Source: Journal of Dairy Science, J.H.C.Costa, R.K.Meagher, M.A.G.von Keyserlingk, D.M.Weary
Dairy calves have traditionally been kept in individual pens throughout the milk-feeding period. Social rearing is associated with increased solid feed intake and, hence, higher weight gains before and after weaning. Little is known about the effect of the age at which social housing begins.
The aim of this study was to assess the effects of early versus late pairing on feeding behavior and weight gain before and after weaning. Holstein bull calves were reared individually (n = 8 calves) or paired with another calf at 6 ± 3 d (n = 8 pairs) or 43 ± 3 d of age (n = 8 pairs).
All calves were fed 8 L of milk/d for 4 wk, 6 L/d from 4 to 7 wk, and then milk was reduced by 20%/d until calves were completely weaned at 8 wk of age. Calves were provided ad libitumaccess to calf starter and a total mixed ration (TMR). Body weight and feed intake were measured weekly from 3 to 10 wk of age.Intake of calf starter was significantly higher for the early-paired calves than for individually reared and late-paired calves throughout the experimental period. At 10 wk of age, starter dry matter intake averaged 2.20 ± 0.22, 1.09 ± 0.25, and 1.26 ± 0.33 kg/d for early-paired, late-paired, and individually housed calves, respectively.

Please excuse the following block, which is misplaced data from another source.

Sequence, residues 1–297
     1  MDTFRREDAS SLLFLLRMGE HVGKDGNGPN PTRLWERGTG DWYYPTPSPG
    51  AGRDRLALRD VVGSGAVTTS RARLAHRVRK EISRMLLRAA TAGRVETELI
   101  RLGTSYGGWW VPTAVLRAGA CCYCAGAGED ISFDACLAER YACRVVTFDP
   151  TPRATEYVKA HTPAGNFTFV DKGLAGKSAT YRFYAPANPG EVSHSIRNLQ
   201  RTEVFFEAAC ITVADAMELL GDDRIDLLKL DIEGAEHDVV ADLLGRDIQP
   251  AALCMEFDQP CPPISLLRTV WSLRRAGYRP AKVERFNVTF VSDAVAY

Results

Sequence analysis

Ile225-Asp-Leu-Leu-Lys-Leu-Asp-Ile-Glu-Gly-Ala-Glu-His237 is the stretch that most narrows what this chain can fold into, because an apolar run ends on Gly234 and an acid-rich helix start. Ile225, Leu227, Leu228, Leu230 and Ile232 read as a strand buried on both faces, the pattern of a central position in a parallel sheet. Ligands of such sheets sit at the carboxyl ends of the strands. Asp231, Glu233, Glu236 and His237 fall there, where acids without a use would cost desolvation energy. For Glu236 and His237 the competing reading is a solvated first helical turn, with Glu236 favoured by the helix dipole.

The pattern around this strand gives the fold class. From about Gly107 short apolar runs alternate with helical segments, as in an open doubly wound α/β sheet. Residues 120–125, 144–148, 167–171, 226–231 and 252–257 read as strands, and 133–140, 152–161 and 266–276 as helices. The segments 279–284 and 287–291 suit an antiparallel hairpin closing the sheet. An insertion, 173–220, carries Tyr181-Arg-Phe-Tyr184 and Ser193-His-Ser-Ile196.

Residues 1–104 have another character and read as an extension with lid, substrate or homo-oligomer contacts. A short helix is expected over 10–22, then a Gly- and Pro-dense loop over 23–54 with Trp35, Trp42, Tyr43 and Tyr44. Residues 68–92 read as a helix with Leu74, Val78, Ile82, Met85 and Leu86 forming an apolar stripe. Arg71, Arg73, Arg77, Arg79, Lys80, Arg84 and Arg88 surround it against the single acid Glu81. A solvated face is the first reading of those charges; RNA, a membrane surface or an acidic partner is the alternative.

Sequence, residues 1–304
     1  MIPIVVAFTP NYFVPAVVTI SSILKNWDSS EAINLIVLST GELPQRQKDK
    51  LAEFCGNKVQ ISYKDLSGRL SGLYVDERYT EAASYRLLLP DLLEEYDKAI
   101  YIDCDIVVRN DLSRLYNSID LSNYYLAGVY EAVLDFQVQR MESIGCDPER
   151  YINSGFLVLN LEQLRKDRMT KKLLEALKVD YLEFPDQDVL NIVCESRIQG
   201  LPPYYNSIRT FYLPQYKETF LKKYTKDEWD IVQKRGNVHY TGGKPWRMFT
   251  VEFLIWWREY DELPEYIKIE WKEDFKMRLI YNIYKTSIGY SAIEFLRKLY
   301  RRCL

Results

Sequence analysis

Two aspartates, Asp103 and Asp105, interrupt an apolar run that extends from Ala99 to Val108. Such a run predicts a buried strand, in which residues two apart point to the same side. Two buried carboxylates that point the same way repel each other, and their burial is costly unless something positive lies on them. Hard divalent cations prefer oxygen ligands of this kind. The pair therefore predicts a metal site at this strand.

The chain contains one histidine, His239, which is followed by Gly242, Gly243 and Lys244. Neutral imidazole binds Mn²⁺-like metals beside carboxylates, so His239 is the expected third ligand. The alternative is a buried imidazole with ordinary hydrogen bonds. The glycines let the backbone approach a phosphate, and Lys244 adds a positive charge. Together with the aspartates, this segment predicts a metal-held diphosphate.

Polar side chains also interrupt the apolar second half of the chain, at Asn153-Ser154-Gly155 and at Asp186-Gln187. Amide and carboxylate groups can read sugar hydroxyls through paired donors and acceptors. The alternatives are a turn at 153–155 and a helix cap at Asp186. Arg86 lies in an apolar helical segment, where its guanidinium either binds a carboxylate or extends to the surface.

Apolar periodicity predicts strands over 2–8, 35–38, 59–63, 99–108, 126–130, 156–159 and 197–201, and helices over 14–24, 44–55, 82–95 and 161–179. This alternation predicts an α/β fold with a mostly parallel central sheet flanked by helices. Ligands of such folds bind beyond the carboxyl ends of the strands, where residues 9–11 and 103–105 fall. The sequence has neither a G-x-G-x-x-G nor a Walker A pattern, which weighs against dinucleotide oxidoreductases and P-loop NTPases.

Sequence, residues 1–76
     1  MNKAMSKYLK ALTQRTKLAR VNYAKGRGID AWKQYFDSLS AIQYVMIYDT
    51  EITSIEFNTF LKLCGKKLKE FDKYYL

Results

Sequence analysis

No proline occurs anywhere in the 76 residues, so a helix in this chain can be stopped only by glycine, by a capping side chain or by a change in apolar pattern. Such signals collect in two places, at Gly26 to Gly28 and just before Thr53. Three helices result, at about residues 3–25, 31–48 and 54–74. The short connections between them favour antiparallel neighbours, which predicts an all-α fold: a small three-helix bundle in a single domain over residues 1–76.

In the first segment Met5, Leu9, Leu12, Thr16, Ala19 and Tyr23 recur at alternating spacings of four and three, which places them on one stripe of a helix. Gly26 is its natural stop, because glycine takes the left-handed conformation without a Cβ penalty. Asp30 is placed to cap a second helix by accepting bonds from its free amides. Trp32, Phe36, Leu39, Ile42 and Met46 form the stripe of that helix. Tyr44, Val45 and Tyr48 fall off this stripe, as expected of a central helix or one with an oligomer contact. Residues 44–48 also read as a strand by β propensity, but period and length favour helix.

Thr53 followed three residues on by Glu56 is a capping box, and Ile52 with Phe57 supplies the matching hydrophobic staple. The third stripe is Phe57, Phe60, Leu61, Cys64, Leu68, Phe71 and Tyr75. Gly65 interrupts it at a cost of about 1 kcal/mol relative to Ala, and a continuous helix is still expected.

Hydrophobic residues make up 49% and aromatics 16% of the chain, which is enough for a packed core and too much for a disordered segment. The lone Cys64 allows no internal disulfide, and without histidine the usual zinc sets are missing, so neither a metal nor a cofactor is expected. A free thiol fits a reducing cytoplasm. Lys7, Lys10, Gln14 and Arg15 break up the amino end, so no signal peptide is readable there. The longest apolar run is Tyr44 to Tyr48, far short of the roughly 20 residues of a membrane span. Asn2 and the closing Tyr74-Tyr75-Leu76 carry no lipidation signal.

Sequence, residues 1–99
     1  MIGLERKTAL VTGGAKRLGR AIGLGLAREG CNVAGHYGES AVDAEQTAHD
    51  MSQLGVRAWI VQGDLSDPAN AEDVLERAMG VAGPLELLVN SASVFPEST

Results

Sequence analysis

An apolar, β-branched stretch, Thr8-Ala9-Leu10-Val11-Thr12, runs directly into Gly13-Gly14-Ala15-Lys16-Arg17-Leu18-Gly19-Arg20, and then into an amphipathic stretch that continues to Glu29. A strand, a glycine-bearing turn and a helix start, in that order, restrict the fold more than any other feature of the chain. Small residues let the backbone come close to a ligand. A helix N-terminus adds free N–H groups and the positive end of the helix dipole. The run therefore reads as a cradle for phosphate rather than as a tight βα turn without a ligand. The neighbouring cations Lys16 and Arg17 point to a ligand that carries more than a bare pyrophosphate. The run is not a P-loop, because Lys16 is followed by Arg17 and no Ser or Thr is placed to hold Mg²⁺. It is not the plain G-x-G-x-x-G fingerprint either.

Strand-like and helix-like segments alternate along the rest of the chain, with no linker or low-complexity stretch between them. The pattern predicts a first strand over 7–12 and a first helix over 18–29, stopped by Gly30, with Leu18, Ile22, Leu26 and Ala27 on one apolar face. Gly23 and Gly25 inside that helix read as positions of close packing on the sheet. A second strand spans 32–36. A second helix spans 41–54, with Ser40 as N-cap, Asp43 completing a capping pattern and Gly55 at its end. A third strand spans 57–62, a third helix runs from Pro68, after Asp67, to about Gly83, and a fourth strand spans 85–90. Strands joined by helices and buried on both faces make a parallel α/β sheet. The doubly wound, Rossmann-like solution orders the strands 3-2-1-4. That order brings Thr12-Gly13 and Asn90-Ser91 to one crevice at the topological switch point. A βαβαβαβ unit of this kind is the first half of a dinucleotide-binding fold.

Intake of TMR did not differ among treatments, TMR dry matter intake averaged 3.27 ± 0.72, 3.08 ± 0.46, and 2.89 ± 0.54 kg/d for the same 3 treatments. Calves in the early paired treatment also showed significantly higher average daily gain over the experimental period (0.89 ± 0.04 vs. 0.76 ± 0.04 and 0.73 ± 0.04 kg/d for the early-paired, individual, and late-paired calves, respectively). These results indicate that social housing soon after birth can increase weight gains and intake of solid feed.